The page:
Manipulating director elections by controlling whether there is a quorum

Crestview’s July 15 letter says there was no quorum at the June 30 annual meeting.  Only 46% of shares were present despite strong proxy gathering by at least two non-incumbents.  In 2021, when there were no non-incumbent candidates, the meeting was held on time with 56% attendance.  In 2020, when non-incumbent Alma Quesada ran a strong campaign, the meeting was delayed until November and only 46% of shares were present.  The 2019 meeting was held on time and 56% of shares were present.

So, in years when the election of directors was uncontested, Crestview had no trouble getting quorums and holding the meetings on time.  In years when there were insurgent candidates collecting hundreds of shares by proxies, the meetings were delayed beyond the deadline, and no quorum was present.  What explains that counterintuitive pattern?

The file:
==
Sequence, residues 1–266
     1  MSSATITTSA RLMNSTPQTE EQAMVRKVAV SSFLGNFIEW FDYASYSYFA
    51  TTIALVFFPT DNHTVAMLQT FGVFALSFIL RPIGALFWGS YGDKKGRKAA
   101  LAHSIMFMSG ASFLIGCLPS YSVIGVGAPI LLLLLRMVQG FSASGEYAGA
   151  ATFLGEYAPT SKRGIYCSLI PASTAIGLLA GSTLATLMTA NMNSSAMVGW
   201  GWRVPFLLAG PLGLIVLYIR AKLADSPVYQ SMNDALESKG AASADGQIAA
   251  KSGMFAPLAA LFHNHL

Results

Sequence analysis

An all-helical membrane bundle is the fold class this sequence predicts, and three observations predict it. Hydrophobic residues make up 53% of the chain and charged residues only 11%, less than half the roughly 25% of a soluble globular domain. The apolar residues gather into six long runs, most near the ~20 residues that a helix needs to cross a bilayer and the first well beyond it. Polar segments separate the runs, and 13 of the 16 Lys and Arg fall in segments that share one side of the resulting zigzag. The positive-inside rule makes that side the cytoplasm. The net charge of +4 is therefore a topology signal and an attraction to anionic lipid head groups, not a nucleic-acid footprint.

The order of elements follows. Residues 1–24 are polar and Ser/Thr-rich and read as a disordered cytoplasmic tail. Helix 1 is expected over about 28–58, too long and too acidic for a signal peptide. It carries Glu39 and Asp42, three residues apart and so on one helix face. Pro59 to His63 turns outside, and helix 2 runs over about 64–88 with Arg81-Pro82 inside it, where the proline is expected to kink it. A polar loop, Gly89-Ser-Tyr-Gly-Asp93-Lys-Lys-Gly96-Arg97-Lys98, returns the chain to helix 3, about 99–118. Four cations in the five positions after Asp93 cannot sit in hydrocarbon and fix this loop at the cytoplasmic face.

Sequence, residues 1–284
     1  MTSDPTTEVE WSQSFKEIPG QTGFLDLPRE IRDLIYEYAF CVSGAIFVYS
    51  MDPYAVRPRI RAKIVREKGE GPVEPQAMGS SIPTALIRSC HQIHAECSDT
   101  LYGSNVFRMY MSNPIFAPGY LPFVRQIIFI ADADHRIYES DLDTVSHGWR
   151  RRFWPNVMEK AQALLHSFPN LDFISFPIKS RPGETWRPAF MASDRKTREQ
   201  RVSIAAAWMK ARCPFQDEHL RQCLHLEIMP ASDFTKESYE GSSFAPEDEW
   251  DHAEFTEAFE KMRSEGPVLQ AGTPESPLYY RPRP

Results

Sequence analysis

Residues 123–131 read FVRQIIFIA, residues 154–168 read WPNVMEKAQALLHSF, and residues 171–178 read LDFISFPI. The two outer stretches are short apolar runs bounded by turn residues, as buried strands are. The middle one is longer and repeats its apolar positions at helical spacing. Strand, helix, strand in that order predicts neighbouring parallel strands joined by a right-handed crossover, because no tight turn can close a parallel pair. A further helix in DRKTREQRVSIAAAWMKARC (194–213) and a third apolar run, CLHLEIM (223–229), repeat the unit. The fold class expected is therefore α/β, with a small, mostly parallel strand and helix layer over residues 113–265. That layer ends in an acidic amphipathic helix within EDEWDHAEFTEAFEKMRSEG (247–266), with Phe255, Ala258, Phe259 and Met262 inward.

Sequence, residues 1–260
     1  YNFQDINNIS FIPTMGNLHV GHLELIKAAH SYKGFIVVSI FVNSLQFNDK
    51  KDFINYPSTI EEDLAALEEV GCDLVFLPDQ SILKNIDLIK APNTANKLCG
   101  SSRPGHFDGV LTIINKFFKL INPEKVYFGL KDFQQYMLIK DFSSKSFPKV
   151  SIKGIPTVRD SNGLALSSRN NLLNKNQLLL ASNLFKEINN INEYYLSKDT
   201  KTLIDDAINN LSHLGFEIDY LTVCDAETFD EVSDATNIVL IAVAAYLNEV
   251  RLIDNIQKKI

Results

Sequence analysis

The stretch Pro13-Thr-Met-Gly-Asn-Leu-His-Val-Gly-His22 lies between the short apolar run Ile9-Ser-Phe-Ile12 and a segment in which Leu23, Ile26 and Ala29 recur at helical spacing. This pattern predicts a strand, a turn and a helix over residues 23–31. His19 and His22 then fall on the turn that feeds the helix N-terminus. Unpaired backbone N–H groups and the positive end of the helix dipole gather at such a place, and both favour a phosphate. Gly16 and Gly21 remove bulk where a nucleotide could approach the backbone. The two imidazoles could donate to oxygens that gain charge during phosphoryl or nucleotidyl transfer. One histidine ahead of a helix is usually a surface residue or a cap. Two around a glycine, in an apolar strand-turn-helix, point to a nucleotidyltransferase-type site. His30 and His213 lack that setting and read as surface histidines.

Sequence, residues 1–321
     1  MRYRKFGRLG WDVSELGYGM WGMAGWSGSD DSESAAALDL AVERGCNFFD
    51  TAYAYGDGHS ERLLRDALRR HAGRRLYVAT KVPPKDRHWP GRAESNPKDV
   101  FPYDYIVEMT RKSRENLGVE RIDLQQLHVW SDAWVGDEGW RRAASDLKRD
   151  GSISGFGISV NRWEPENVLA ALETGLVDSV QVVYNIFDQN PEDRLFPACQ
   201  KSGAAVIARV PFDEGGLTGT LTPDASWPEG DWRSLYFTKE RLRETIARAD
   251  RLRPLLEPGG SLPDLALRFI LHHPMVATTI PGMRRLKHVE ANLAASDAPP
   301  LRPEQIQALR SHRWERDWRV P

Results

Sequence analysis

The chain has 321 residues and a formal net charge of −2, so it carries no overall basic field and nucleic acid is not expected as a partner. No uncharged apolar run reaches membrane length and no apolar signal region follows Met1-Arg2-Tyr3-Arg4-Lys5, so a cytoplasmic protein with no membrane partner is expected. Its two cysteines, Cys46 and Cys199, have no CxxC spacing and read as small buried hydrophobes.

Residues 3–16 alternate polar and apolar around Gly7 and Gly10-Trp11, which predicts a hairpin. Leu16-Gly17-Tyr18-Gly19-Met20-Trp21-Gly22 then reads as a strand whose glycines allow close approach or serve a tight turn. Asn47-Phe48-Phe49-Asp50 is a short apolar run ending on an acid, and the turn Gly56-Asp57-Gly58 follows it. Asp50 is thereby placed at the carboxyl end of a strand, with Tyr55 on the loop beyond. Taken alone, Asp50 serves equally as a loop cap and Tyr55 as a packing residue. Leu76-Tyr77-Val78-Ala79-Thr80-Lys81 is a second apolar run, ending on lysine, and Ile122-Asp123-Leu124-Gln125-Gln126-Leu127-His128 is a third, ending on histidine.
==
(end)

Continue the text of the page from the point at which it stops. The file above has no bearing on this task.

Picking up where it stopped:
We found that in the many years of quorums and on-time meetings, staff was on the phone in the last week to large shareholders asking them to turn in their proxies “so we can have a quorum.”  In the no-quorum and delayed-meeting years, staff apparently did not do that.  That works out nicely for directors who don’t want to risk losing an election, which may also be a reason meetings in those years were delayed for months.

The bylaws allow a meeting lacking a quorum to adjourn to a later date and proxy collection to continue so that a quorum can be rounded up for the reconvened meeting.  It was announced at the June 30 meeting that it would reconvene on July 28, but the deadline for collecting proxies was not extended.  At a reconvened meeting shareholders could vote to extend the proxy solicitation period, but our president, Sol Chooljian, has decided unilaterally that the meeting will never be reconvened.  In this way, his record of never allowing shareholders to elect a non-incumbent director remains unbroken.

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